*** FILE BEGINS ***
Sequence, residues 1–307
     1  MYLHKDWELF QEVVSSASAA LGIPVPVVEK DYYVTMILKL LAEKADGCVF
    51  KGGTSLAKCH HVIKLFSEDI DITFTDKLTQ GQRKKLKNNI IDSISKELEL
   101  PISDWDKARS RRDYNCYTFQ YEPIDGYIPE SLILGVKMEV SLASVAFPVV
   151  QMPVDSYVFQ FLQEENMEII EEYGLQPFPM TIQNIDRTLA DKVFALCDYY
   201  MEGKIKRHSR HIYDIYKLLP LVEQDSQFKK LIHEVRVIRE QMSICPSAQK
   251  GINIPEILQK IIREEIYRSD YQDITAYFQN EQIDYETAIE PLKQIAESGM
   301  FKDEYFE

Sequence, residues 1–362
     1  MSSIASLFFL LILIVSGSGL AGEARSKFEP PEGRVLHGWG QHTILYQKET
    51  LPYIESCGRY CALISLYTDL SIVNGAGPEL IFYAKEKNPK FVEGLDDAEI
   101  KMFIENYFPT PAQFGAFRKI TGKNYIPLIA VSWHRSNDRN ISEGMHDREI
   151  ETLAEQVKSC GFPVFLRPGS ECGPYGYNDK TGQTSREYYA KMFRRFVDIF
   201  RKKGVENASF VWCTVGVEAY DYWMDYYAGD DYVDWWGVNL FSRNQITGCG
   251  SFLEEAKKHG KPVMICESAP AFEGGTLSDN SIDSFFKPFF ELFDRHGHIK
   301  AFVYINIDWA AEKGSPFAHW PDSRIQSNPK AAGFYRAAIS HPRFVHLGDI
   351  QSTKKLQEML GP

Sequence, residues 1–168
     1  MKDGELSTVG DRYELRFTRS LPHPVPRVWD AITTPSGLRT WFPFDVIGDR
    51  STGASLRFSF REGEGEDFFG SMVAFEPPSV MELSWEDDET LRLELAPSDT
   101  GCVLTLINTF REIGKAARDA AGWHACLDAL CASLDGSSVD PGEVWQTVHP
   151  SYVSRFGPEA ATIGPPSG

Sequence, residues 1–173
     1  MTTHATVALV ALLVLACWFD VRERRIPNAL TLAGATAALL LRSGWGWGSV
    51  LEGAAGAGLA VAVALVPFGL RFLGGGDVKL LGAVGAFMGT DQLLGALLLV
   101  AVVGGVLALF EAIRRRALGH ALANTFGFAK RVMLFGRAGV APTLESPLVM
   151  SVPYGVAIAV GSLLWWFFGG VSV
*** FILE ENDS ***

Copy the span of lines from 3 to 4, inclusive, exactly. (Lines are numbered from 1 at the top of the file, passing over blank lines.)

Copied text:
    51  KGGTSLAKCH HVIKLFSEDI DITFTDKLTQ GQRKKLKNNI IDSISKELEL
   101  PISDWDKARS RRDYNCYTFQ YEPIDGYIPE SLILGVKMEV SLASVAFPVV